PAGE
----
The main reason for this musical stability is that much like Deftones, Sevendust rose to prominence during the Nu-metal gravy days, but never really fit that mold. Sevendust was always about working behind Lajon Witherspoon’s strong singing (one of the more underrated vocalists working in rock today), Morgan Rose’s busy drums and John Connolly and Clint Lowery’s crunching guitars.
Look no further than the sweeping choruses of ‘Thank You’ and title track ‘Kill the Flaw.’ It’s still the Sevendust we loved in the 90s, yet we refuse to give them another Active Rock hit while Avenged Sevenfold makes a killing by aping Metallica’s self-titled. But it’s not all nostalgia since they’re adding new facets to their sound as Lowery and Connolly tap into that palm-muting style the kids love so much on ‘Death Dance’ and ‘Chop without sounding like their pandering to what younger generations like (i.e. Korn’s The Path of Totality).
Those who have stuck with Sevendust will have much to enjoy on Kill the Flaw. And even those who have hitched their wagons to other passing genres are always welcome back home.
Sevendust has completed recording their tenth studio album at Architekt Music Studios in Butler, NJ, and is slated for a July release. Band drummer Morgan Rose tweeted out this post:
10th studio record done! On my way home! Ready to squeeze my babies and smack my woman’s bootay!!!
— Morgan Rose (@morgan7d) March 27, 2015
In a series of posts to his fan page on Facebook, guitarist Clint Lowery of Sevendust announced the band has hit the studio to begin recording the bands 10th full-length original album. Due for a late-spring/early summer 2015 release, the album is expected to be a return to heavier sounds following last years’ unplugged Time Travelers and Bonfires (7 Bros/Asylum) album. The band just completed another Shiprocked Cruise which saw them perform with Limp Bizkit, Black Label Society, heavy metal all-star band Metal Allegiance, Buckcherry, P.O.D., Sevendust, Tremonti, Andrew W.K.,Living Colour, Crobot and many more.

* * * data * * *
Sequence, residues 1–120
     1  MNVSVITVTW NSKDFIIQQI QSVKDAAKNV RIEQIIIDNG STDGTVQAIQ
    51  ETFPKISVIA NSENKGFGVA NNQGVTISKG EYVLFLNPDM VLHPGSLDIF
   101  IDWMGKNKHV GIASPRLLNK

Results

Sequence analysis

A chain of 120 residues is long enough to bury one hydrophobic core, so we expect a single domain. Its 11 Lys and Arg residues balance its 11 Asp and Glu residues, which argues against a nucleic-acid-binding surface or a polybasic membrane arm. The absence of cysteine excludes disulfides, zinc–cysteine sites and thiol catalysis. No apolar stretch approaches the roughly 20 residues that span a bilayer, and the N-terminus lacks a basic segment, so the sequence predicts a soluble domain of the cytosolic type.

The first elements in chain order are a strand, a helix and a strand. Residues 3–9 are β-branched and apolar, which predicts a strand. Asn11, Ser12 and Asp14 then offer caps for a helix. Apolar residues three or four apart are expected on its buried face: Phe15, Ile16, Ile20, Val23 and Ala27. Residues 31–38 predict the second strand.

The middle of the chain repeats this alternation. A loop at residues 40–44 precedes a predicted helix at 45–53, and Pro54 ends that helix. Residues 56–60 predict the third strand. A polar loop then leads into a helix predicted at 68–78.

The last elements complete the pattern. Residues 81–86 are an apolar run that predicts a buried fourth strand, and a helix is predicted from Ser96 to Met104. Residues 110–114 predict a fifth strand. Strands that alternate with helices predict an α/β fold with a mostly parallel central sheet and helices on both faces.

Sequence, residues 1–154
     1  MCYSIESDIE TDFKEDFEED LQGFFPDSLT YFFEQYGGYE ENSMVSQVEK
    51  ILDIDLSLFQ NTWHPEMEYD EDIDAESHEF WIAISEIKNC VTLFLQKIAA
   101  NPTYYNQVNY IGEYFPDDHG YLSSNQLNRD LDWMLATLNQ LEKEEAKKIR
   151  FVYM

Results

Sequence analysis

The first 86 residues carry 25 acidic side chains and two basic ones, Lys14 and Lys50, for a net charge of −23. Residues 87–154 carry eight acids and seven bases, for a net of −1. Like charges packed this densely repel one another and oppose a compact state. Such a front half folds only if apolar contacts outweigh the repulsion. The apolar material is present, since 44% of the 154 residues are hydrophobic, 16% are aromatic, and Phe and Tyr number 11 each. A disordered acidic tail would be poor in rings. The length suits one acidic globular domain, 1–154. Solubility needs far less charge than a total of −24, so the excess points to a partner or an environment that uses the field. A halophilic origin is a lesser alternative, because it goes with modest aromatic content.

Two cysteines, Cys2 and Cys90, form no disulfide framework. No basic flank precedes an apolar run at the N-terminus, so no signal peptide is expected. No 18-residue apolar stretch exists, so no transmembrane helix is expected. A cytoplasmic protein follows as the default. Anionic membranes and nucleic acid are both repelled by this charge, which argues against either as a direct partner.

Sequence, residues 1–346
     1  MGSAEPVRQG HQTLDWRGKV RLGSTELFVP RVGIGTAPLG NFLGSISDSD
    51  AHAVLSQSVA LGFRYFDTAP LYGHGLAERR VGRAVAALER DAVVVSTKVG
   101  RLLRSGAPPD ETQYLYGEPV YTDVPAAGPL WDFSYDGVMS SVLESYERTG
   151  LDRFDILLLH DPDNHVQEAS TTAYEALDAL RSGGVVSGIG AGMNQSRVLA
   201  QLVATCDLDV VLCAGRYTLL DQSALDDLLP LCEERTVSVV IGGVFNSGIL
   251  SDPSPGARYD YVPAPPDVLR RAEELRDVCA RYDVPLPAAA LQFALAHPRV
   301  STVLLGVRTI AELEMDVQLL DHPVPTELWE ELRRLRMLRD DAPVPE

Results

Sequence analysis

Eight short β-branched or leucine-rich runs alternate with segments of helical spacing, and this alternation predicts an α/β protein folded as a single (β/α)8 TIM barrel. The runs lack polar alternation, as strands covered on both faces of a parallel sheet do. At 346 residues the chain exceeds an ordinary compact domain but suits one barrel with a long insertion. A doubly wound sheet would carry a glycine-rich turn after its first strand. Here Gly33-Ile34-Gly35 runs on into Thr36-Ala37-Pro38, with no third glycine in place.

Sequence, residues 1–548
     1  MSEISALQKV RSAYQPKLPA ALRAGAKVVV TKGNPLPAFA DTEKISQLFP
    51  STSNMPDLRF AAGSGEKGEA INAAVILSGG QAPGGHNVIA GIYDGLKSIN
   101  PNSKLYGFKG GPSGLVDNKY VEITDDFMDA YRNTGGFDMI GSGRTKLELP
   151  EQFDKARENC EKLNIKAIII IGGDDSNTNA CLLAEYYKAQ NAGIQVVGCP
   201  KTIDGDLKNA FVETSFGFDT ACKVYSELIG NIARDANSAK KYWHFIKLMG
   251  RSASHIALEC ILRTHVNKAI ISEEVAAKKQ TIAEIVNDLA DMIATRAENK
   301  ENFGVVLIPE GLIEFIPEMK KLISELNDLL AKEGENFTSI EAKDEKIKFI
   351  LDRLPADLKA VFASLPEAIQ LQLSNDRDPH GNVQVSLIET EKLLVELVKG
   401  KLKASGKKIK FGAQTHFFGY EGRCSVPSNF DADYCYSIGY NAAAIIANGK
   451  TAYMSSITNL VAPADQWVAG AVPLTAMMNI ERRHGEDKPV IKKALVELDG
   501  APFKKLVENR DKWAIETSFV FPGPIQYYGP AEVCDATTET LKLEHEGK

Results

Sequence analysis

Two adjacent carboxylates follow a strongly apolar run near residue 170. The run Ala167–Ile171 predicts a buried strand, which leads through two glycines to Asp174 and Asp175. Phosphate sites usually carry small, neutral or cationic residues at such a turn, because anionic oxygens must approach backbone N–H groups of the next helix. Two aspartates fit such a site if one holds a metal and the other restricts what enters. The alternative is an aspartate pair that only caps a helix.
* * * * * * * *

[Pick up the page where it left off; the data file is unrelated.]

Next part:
At this point in the career, Sevendust knows they have achieved a certain status as the elder statesman of modern heavy rock or active rock, whatever industry buzzword is trending this week. They are still hungry like a new band, putting out quality releases and always putting on a fine show. At the same time, they don’t play it safe artistically. This is why in spite of my love of music that is progressive, extreme, harsh, and thrashy; I still come back to this band that I have always respected. They have been a part of my many musical journeys for a long time. Whether seeing their first tour in New York at a long gone tiny club, to watching 300,000+ people jump up and down to a song they never heard before (‘Rumblefish’) at Woodstock `99, to their recent record-breaking Kickstarter campaign, I am proud to say I was there.
We were in for a treat tonight, with no opening act and just “An Evening With” format. I didn’t even realize the show was long sold out and there were a ton of people waiting to get inside, when I arrived at The Paradise. As evidenced by my earlier show this year with Carcass, this venue should not host really extreme bands or their fans. However for some lighter, more relaxed concerts such as Crosses or the unplugged show tonight; it’s a solid choice. The first really hot day of summer in Boston meant the AC was on full blast so we were feeling chilly in the dark rectangular room. Meanwhile the stage sat ready for a while with some LED candles adding to the mood of the stage filled with guitars, bar stools, and music stands.